ACLU Says Lawmakers Must Listen to 9/11 Commission, 9/11 Families; Final Measure Must Not Include Anti-Immigrant, Anti-Privacy Provisions
FOR IMMEDIATE RELEASE
WASHINGTON – The American Civil Liberties Union today called upon key lawmakers to listen to the 9/11 Commission and exclude extraneous anti-immigration and law enforcement provisions as the conference committee to reconcile the differences of the House and Senate intelligence reform bills met.
Following hours of speeches highlighting the importance of bipartisanship, the chairman of the conference committee, Rep. Peter Hoekstra (R-MI) announced that the Republican House Leadership would draft a bill to be considered by the conferees. That proposal was quickly denounced by lawmakers from both chambers, and it was agreed that Hoekstra, Rep. Jane Harman (D-CA), Sen. Susan Collins (R-ME) and Sen. Joseph Lieberman (D-CT) would draft the initial bill.
“The House Republicans once again sought to put politics over principle,” said Laura W. Murphy, Director of the ACLU Washington Legislative Office. “They started off by saying they wanted a bipartisan bill, but then attempted to push their own agenda. If not for the fair-minded lawmakers who raised serious objections, the American people could have been left behind. Now it is up to all the conferees to act – cautiously and carefully.”
“Whatever form this bill takes, it should adhere to the recommendations of the 9/11 Commission,” Murphy added. “This conference is not the place to have the debate on the Patriot Act expansion and anti-immigrant provisions of the House bill, especially with a national election just 13 days away.”
In a letter sent to conferees by Thomas Kean and Lee Hamilton, the chair and vice-chair of the 9/11 Commission, they stated that “we believe strongly that this bill is not the right occasion for tackling controversial immigration and law enforcement issues that go well beyond the Commission’s recommendations.”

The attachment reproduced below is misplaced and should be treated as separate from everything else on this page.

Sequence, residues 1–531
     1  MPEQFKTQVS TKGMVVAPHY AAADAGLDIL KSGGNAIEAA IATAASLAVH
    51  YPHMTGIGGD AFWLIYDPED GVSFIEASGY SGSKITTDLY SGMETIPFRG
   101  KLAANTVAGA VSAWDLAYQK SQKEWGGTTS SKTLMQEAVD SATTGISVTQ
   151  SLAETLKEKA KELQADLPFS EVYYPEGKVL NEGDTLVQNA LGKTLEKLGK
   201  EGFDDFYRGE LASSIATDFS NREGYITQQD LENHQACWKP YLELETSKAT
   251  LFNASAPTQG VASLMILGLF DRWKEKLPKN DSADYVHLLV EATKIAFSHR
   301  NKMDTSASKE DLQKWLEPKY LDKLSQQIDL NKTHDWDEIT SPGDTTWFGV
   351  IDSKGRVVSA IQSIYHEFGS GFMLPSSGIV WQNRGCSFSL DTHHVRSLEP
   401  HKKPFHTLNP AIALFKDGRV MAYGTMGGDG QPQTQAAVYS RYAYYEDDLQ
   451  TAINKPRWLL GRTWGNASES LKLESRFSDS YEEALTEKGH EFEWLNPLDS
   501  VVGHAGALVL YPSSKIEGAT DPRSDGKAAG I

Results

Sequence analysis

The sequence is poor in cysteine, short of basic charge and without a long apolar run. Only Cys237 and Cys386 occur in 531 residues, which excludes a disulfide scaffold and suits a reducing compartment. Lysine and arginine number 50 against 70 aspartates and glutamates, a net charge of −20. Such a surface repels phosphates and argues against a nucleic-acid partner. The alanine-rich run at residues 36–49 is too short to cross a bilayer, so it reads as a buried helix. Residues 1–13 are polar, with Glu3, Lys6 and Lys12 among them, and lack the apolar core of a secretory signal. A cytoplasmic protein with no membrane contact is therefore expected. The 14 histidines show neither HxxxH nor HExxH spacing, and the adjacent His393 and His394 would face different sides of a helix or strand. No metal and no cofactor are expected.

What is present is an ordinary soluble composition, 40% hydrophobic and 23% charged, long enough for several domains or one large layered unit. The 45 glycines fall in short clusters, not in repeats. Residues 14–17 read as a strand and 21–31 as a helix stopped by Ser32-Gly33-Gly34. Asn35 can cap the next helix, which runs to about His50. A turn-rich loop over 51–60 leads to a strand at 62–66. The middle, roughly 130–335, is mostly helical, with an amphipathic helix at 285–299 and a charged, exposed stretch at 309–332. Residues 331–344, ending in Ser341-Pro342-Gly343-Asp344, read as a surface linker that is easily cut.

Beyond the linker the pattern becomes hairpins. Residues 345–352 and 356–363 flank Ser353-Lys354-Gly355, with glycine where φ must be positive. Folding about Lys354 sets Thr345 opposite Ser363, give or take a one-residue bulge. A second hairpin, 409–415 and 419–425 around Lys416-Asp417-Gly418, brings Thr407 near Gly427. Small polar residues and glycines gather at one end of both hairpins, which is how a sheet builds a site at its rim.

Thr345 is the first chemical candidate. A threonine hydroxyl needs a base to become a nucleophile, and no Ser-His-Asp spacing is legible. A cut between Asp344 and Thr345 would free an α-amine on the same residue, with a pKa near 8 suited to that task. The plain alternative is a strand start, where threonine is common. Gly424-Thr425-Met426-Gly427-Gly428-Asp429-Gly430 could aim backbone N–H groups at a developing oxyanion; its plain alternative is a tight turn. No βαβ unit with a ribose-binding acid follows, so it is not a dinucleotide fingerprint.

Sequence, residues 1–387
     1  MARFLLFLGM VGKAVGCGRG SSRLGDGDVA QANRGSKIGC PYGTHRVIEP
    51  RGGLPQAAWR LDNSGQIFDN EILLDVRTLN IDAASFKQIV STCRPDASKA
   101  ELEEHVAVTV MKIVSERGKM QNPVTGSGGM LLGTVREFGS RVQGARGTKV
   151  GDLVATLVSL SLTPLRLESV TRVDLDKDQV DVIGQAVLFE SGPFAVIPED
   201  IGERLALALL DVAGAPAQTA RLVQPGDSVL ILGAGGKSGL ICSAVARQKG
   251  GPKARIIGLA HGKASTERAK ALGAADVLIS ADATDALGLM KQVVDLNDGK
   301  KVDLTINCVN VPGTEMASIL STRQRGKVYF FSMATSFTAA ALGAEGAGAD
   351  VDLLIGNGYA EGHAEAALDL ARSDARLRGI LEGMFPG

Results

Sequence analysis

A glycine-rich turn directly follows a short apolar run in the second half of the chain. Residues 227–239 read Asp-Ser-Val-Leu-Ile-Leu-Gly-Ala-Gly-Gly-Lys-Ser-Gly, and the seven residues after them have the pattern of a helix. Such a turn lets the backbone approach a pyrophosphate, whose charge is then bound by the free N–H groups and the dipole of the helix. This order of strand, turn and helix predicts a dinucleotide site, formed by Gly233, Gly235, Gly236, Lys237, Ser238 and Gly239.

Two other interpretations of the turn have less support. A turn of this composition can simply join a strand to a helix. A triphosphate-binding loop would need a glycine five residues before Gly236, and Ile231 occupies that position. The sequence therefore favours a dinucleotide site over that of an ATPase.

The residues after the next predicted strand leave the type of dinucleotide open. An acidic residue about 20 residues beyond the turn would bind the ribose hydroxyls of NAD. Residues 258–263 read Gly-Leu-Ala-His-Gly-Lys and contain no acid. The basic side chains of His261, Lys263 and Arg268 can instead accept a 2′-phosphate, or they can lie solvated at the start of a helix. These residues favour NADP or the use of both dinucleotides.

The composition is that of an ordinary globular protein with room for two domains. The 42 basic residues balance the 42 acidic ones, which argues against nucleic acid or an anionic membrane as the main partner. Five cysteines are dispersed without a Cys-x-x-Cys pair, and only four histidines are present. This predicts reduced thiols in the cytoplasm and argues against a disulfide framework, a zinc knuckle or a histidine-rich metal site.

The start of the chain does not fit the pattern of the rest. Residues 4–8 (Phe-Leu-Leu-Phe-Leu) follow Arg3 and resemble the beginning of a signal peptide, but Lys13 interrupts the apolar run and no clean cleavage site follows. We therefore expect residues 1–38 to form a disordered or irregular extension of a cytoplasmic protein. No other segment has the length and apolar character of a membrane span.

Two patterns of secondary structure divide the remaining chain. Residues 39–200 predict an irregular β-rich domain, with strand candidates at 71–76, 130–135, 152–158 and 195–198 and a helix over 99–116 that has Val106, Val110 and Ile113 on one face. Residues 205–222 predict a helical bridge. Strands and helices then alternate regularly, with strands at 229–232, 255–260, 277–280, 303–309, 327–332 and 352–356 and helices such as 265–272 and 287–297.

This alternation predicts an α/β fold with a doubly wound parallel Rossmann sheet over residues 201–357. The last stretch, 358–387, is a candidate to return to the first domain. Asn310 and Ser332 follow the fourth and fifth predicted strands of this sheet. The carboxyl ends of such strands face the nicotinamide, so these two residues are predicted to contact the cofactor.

This was a sentiment echoed by several members of families of 9/11 victims in a press conference held before the conference committee met.
The various measures have prompted opposition from advocacy groups including the ACLU, Gun Owners of America, the National Council of La Raza, the Mexican-American Legal Defense and Education Fund and the conservative Cuban American National Foundation. The ACLU and the CANF sent a letter to the conferees today, asking them to remove the anti-immigrant provisions.
“It is ironic that the party of limited government would use the restructuring of our intelligence community as stealth cover to expand law enforcement powers and assault immigrants,” Murphy said. “Worse still, if House leaders have their way, important protections for civil liberties would be undermined.”
For more on the ACLU’s concerns with Congress’s implementation of the 9/11 Commission’s findings, go to:
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